Penn Computing

Penn Computing

Computing Menu Computing A-Z
Computing Home Information Systems & Computing Penn


Thursday, January 29, 2015

  New Resources
Travel Tips for Data Security
Free Security/Privacy Training Resources
Two-step verification
Combating Malware
Phishing Archive
Cloud Computing and Data Outsourcing
Best Practices for Applications with Confidential University Data
  Security "Greatest Hits"
Managing Passwords
E-mail Harassment & Forgery
Hoaxes, frauds & scams
Wireless Networking
Encryption & digital signatures
  Best Practices
Secure desktop computing
Secure servers
Secure data deletion
Securing printers
Tips for safe computing
Computing policies
  More in-depth information for
Local support providers
System administrators
  Security initiatives
Critical host compliance
Authentication & authorization
Penn Security & Privacy Assessment (SPIA)
Security Liaisons (Restricted Access)
Secure Share
Secure Space
Vulnerability Scanner
  Related links
Electronic privacy
Worms, trojans, backdoors

One Step Ahead: Almanac Security Tips - 2015

In each issue, Penn's Journal of Record, The Almanac publishes helpful tips and hints for dealing with information security and privacy matters. This page is a collection of all those published thus far.
New! You can now receive new One-Step-Ahead Security and Privacy Tips automatically!
You can subscribe via Email or RSS.

Table of Contents (view all)

Most recently published...

Heartbleed OpenSSL Vulnerability
Security and Privacy Tips for World Travelers
Filing Taxes Online This Year? Take Steps to Protect Your Information!
If your computer runs Windows XP, you must update it now!
Why Should You Report Security Incidents? And How Do You Report One?
Photo and Video Privacy Issues
The Password is Dead, Long Live the Password!
Data Privacy Month: NSA Surveillance Panel at the National Constitution Center
Protecting Your Finances During This Year’s Holiday Shopping Season
Beware of Phishing E-mails in the Wake of Typhoon Haiyan
No E-mail from Penn Will Ask For Your Username/Password or SSN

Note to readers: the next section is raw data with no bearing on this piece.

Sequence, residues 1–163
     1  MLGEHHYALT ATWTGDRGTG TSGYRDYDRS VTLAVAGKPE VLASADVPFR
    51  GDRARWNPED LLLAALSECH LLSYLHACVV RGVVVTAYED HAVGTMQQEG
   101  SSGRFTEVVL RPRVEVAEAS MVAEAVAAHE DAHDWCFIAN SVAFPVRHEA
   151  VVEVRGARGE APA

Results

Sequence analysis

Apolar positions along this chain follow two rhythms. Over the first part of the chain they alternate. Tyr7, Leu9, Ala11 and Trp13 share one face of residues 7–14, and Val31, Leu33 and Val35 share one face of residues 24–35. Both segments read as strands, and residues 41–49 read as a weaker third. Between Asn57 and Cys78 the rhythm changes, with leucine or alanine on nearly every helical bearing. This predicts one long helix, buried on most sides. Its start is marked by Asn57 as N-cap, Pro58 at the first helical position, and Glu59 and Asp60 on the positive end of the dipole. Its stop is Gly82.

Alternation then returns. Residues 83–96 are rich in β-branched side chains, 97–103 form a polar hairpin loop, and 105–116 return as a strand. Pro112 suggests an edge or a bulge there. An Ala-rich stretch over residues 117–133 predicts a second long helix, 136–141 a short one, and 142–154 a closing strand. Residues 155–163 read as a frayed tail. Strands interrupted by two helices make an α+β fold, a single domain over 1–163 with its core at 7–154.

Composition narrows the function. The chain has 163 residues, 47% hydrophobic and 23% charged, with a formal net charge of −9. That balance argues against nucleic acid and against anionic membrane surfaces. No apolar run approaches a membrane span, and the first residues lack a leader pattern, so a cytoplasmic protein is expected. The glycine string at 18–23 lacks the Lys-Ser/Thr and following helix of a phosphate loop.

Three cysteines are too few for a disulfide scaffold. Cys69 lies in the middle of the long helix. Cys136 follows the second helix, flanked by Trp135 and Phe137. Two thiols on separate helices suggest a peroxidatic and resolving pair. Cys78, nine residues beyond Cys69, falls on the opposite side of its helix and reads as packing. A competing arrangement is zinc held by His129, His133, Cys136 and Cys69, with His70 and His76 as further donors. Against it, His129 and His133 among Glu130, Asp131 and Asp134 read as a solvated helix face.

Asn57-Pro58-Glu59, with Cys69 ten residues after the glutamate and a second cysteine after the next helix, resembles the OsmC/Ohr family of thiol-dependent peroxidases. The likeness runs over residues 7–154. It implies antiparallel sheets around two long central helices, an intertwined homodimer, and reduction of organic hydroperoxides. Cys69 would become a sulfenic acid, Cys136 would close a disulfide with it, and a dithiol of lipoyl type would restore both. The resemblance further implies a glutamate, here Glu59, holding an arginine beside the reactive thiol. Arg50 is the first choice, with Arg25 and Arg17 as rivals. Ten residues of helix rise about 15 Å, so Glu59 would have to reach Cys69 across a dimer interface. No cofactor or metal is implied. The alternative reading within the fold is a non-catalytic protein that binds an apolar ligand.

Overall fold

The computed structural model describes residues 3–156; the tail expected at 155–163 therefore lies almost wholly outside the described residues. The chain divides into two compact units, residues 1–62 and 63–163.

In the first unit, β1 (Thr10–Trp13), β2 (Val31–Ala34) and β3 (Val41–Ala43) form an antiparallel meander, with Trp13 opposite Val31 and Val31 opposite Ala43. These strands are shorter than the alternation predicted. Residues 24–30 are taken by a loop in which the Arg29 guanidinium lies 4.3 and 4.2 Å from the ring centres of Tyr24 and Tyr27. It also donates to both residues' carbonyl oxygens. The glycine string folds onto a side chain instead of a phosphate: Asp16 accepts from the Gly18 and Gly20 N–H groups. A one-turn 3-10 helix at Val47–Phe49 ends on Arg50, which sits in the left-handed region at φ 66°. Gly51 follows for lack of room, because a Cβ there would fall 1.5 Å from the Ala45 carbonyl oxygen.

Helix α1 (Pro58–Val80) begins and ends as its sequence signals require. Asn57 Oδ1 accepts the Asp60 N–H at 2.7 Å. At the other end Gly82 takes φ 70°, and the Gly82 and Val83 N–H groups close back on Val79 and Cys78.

The Children's Online Privacy Protection Act: Does It Apply to Your Website?
October: National Cyber Security Awareness Month; Free Secure Disposal of Paper and Electronics
What Basic Rules Protect Student Information at Penn? (September 2013)
Protecting Privacy and Security on Penn + Box

Whats popular?

   privacy    security    identity theft    software    www    passwords    email    home computing    phishing    virus    documents    hackers        SSNs    mobile devices    keyloggers    wireless    social networking

Tuesday, April 29, 2014 - Almanac Vol. 60, No. 32

Heartbleed OpenSSL Vulnerability

A vulnerability in OpenSSL, a cryptographic protocol used by many websites to secure web traffic, was disclosed on Monday evening, April 7, 2014.

The so-called "Heartbleed" vulnerability has affected a large number of systems worldwide and can be exploited to expose the keys used to encrypt traffic from the vulnerable sites, as well as other data meant to be protected, including usernames and passwords.

Penn's IT staff began working immediately to identify and remediate vulnerable machines, with an emphasis on finding and repairing Penn's most critical systems first. Fortunately, the central servers that maintain Penn's CoSign WebLogin service, the primary web-based authentication method used by Penn websites, were not vulnerable to this issue. Nor were other parts of Penn's central identity and access management infrastructure (e.g. wireless authentication portals).

In addition to scanning continuously for vulnerable Penn machines, ISC Information Security is monitoring network traffic for any active attacks on Penn systems. They continue to encourage all PennKey holders to enroll in Two-Step Verification ( which would mitigate this risk, as well as other attacks (such as phishing).

It is suggested that users also monitor other personal, sensitive accounts across the Internet and contact the owners of those websites with any questions.(1) Note that many popular services, like Facebook, Google and Twitter, enable multi-factor authentication as well.

Lastly, please be on the lookout for fraudulent email claiming to be from companies with which you do business (including Penn), as criminals may use this event to create phishing email messages designed to trick people into divulging their passwords. No legitimate party from Penn will ever ask you to share your password , and if a campaign to change PennKey passwords was ever initiated, it would be well-communicated and easily verifiable with your Local Support Provider.

If you have any questions about Heartbleed please contact:

(1) For more information about applications and services affected by the Heartbleed OpenSSL vulnerability please see


Information Systems and Computing
University of Pennsylvania
Comments & Questions

Penn Computing University of Pennsylvania
Information Systems and Computing, University of Pennsylvania